Cars from the likes of Vauxhall, BMW and Jeep could be costing their owners up to £850 extra in fuel each year, based on our fuel-economy testing. Read on to find out if you’re affected.
We all have our own tactics when it comes to getting more miles from a full tank – whether it’s cruising at a constant 70mph on the motorway, or changing gear efficiently.
But, no matter how carefully you drive, some cars will cost you much more than you may have anticipated, especially if you took the official fuel-economy figures at face value.
Our testing has found models such as the Vauxhall Corsa, BMW X4, Mitsubishi Outlander and Lexus GS could cost you upwards of £350 more each year for every 10,000 miles you drive – enough to pay for the car’s annual service with change to spare.
The worst offender in our study, the Jeep Grand Cherokee, could cost you a huge £854 more to run than you’d expect based on the official mpg claims. That’s the equivalent of a return flight to Florida this winter.
Come clean on fuel claims – sign our petition for fuel claims you can trust.
Why the mpg gap?
EU law requires carmakers to show official test figures in their adverts to help consumers compare fuel economy between different models. But we think the figures should also reflect real-world driving – and if a brand quotes an mpg figure in its adverts, a consumer should be able to achieve it in normal use.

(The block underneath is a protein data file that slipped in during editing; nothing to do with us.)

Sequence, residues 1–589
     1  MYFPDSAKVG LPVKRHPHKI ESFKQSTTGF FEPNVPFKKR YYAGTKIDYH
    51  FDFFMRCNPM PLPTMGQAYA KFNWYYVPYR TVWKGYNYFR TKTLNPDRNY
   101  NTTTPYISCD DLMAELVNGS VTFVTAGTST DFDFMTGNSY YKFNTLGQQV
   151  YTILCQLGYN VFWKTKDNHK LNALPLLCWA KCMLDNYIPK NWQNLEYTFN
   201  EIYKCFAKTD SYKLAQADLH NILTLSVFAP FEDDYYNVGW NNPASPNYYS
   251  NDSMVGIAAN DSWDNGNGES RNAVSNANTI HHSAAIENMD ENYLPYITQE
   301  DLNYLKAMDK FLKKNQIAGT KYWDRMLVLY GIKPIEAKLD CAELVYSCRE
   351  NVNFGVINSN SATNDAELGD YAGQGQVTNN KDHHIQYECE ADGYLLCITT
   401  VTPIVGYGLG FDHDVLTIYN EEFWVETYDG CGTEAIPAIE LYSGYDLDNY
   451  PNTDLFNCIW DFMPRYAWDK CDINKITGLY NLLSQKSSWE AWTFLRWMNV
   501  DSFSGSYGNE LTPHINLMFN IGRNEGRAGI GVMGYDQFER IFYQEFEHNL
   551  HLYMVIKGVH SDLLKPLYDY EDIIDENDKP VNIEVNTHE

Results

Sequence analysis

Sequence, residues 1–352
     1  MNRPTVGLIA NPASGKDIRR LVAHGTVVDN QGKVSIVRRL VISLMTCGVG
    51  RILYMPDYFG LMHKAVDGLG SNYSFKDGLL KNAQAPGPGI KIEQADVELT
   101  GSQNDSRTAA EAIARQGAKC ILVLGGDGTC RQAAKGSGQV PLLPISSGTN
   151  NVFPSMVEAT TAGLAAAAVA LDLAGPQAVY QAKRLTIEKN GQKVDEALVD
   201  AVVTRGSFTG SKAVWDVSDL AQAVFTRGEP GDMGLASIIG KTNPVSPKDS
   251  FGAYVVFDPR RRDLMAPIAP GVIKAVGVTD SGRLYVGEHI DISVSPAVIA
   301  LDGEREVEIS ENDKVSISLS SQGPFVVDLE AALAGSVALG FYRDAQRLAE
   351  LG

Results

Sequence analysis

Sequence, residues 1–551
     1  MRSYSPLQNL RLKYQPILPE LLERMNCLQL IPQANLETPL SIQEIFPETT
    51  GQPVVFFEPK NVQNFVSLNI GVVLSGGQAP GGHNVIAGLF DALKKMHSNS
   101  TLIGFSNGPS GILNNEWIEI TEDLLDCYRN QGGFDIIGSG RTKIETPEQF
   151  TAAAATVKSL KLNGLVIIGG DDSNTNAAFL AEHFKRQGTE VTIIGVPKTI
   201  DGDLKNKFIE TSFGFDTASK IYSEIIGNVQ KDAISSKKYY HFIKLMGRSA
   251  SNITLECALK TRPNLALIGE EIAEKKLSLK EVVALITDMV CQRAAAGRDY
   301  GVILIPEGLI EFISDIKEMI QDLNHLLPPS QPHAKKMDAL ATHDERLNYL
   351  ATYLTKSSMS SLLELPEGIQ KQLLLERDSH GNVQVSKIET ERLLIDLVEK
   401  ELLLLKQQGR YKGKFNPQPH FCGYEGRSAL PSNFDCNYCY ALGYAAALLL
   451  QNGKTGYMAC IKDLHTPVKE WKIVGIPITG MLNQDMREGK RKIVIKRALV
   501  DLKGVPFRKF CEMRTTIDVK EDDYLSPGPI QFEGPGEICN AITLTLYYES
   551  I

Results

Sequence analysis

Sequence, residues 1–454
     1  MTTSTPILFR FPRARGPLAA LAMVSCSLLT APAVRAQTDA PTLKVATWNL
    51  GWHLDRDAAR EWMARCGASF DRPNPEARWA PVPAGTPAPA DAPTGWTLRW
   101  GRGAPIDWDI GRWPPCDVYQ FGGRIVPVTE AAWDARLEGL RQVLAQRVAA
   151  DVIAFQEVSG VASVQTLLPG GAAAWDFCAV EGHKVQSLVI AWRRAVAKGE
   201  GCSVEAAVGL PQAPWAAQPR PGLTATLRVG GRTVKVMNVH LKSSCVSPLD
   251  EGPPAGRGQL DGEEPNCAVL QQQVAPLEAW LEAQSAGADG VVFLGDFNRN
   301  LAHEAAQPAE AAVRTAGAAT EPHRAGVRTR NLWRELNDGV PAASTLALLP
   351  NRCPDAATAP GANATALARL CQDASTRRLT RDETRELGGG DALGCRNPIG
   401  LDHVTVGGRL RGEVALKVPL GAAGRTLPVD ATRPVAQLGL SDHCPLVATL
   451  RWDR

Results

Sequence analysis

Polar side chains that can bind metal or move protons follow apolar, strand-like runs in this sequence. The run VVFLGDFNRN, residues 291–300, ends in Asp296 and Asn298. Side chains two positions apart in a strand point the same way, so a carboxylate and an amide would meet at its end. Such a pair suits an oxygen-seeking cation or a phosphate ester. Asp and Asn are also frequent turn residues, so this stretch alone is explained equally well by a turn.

That’s why it’s vital the EU test is updated to be more accurate in 2017 as planned, and not delayed until 2020 as some manufacturers would prefer.
Does your car deliver the fuel economy you expect? Scroll down for our list of the most misleading models and the extra costs owners could incur.
Difference in fuel costs per year
Annual fuel costs are based on driving 10,000 miles a year and the average cost of fuel for the months March 2014 to February 2015 according to the AA fuel price report (petrol: 125.5p per litre; diesel: 130.0p per litre).
How we test mpg
The testing that underpins every Which? car review is designed to give consumers the most accurate picture possible of how their car will perform in everyday life. So when assessing fuel economy, unlike the official EU test, we include a motorway driving simulation, switch on the lights and air-con, and inflate tyres to the recommended pressures.
And if a car has different driving modes available, we use the one it starts up in by default, rather than switching to an ‘eco’ mode. This may offer better economy, but will also often neuter a car’s performance to the point where it’s awful to drive.
What’s the problem with EU mpg measurements?
Don’t be fooled by the name of the official driving simulation currently used to calculate mpg figures – the New European Driving Cycle (NEDC) hasn’t been new since it was last updated in 1997, and the basis of the test was first introduced in the 1970s.
The test’s lack of real-world driving scenarios and numerous loopholes makes the figures it generates unachievable when you get behind the wheel of a car.